KSTP/SurveyUSA: Phillips Leads Paulsen in Tight Race

October 03, 2018 09:28 AM

It's likely to be the most expensive congressional race in Minnesota during the 2018 midterm elections and it also might end up among the closest. With just over 30 days until Election Day, Democratic challenger Dean Phillips has a five-point lead over incumbent Republican Congressman Erik Paulsen, 49 percent to 44 percent, in our KSTP/SurveyUSA poll. Another eight percent remain undecided.

"I think Erik Paulsen has to be worried because he's not running as well with the voters as he did two years ago when he won by a comfortable 14 points," says political analyst Steven Schier of Carleton College. "It's an entirely different competition this time and he's got some serious disadvantages to contend with."


Among those disadvantages is a very low approval rating for Republican President Donald Trump in the 3rd District. Only 38 percent of 607 "likely voters" surveyed approve of the president's job performance while another 56 percent disapprove. That appears to be impacting Paulsen's approval rating. Just 41 percent approve of his performance with 44 percent disapproving. Democrats have frequently reminded voters Paulsen votes in line with Trump's positions up to 98 percent of the time.

Although Trump will be in Minnesota on Thursday, Paulsen will not be at a fundraiser Trump is attending or at a rally in Rochester. He says he plans to "focus on my own record of getting things done" and continue campaigning on his own.

KSTP Election Page 2018

Trump's poor approval rating in the 3rd District might also be contributing to a big "gender gap" among voters. Paulsen leads 50 percent to 43 percent among male, but Phillips leads 54 percent to 38 percent among women. Trump's disapproval rating among women in the district is 64 percent.

Paulsen says he can win back many of those female voters.

"I'm number three in the entire Congress for getting bipartisan co-authors of bills," Paulsen said. "That's really important for women and a lot of Minnesotans who just want to see their elected officials get things done."

Phillips says female voters are energized like never before.

"I've seen an extraordinary commitment of females on this campaign and around the country," he says. "Energy, participation. Many of whom are telling me that until this election year have never been politically engaged before."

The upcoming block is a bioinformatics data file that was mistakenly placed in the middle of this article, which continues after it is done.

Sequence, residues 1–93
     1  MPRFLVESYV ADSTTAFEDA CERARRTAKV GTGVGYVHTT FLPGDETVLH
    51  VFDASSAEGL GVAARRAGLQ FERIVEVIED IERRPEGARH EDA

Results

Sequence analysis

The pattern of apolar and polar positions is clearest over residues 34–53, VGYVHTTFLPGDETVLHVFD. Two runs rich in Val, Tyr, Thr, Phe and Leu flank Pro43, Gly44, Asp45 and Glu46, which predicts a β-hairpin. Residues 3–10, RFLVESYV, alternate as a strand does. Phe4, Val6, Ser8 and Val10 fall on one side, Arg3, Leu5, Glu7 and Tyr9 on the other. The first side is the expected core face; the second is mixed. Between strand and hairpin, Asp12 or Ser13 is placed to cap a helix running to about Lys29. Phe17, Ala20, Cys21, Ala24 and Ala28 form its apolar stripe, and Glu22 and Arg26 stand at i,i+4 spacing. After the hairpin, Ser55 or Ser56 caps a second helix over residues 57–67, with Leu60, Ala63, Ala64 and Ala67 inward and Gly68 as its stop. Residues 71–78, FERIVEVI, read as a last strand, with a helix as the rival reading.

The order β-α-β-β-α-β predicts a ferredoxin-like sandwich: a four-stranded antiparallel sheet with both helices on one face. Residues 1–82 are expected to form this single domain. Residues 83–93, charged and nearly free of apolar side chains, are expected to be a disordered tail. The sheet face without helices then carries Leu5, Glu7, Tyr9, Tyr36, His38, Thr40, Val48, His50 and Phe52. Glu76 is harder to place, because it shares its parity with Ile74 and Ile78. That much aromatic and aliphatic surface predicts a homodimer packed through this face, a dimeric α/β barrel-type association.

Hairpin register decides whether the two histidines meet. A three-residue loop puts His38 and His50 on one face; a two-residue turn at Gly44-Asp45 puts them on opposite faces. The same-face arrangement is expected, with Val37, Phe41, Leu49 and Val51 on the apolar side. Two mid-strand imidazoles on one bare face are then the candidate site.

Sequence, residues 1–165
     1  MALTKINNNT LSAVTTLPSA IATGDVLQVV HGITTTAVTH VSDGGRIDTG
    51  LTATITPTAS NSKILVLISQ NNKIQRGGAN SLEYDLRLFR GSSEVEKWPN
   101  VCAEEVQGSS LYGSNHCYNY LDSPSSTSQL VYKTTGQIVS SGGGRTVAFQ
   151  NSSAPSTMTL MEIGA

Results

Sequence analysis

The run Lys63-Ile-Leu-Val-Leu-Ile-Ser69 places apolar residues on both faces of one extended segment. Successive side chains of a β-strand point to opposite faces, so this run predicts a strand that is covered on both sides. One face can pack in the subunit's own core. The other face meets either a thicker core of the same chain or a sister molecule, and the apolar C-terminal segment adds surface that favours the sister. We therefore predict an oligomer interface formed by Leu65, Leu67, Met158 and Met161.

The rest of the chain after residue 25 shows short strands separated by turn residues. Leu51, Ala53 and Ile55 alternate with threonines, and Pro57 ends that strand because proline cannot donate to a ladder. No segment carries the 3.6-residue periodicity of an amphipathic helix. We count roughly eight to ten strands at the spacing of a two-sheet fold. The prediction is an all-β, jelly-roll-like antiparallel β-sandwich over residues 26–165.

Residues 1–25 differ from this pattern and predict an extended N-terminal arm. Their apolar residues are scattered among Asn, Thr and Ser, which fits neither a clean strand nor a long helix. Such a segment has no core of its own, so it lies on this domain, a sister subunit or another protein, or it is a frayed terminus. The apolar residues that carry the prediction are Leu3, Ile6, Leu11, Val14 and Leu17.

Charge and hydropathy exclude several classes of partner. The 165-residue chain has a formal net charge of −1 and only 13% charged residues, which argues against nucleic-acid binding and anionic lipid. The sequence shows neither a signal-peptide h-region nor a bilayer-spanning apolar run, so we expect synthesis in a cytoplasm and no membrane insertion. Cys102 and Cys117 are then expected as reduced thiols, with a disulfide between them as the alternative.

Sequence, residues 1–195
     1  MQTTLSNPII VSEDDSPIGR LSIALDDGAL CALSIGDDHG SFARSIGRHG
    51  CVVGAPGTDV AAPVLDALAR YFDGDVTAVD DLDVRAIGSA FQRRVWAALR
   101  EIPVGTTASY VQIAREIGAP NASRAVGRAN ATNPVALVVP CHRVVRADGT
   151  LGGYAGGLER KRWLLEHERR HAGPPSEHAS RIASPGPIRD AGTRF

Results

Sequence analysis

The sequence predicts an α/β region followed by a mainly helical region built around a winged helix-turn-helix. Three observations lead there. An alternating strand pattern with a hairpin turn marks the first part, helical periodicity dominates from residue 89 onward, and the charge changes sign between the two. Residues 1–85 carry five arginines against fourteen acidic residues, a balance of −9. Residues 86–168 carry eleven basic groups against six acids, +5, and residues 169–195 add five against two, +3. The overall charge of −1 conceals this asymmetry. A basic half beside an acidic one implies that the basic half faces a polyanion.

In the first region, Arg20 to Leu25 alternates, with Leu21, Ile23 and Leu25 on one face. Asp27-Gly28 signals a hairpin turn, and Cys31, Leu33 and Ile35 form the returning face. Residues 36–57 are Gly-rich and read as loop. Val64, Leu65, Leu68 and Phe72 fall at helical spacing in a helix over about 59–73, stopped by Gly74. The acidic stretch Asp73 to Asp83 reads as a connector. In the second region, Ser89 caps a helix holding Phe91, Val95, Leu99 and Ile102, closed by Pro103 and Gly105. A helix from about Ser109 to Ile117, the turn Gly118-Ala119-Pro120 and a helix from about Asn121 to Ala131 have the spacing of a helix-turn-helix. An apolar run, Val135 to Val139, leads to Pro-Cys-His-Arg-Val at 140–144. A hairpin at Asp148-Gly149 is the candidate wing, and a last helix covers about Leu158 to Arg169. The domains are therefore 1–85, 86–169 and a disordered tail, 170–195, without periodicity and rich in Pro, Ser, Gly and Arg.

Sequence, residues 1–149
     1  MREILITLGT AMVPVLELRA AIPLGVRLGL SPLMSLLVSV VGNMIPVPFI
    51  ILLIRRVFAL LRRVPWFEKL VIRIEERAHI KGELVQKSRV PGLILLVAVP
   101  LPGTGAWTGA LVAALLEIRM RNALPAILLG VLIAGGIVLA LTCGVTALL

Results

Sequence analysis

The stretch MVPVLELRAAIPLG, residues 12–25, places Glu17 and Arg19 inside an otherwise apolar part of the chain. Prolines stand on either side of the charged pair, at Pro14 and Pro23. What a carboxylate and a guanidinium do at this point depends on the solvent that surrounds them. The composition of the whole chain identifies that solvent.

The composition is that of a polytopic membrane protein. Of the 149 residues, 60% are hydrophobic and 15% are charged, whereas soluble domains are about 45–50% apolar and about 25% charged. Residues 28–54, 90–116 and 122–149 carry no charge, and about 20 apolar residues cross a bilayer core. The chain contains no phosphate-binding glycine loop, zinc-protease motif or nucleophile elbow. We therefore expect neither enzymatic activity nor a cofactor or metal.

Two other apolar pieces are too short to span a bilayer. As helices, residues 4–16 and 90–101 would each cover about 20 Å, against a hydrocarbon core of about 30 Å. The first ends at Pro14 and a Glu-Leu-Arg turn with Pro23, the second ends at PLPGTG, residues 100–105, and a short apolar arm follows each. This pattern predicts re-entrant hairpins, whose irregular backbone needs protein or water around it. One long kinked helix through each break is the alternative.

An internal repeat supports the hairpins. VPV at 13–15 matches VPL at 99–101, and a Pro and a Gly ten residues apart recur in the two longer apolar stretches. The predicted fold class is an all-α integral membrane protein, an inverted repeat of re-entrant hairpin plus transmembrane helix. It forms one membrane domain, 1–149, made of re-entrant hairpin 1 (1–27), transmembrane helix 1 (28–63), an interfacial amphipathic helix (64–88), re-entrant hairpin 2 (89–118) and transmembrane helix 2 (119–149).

Just as our other polling has shown, health care is by far the most important issue cited by voters.  Among those who say it's the most important, 74 percent favor Phillips. Conversely, on the second most important issue, jobs and the economy, 77 percent support Paulsen.

Phillips says he'll continue to focus on the health care issue.

"There are too many people struggling with the cost of their health insurance," he says. "Too many people who are one illness away from bankruptcy."

Paulsen plans to key in on the health care issue by focusing on Phillips' proposal for a Medicare "buy-in" proposal he says would jeopardize the whole system and hurt seniors.

"I think voters are just getting to know Dean Phillips and the more they learn about him being a hypocrite, especially on health care, the more they're not going to like it," Paulsen told 5 Eyewitness News.

One of Paulsen's biggest problems contributing to him narrowly trailing his challenger is the fact that 17 percent of voters in our survey who voted for Paulsen in 2016 have defected to the Democrat side this time. He's also trailing among independents by 10 points, 50 percent to 40 percent.

"I don't take too much stock in any single poll," Paulsen told 5 EYEWITNESS NEWS at his Eden Prairie campaign office. "I'm going to fight hard, work hard and run hard no matter what."

Phillips, working out of his "Conversation Cottage" in downtown Excelsior, says he won't take his five-point lead for granted.

"A poll is a single snapshot in time," he says. "The one that matters most, of course, is coming up on November 6th."

Our KSTP/SurveyUSA poll was conducted Sept. 24 to 29. The respondents were reached on combination of landlines, cell phones, tablets and other electronic devices. It included 32 percent Republicans, 31 percent Democrats and 34 percent independents.


Tom Hauser

Copyright 2018 - KSTP-TV, LLC A Hubbard Broadcasting Company


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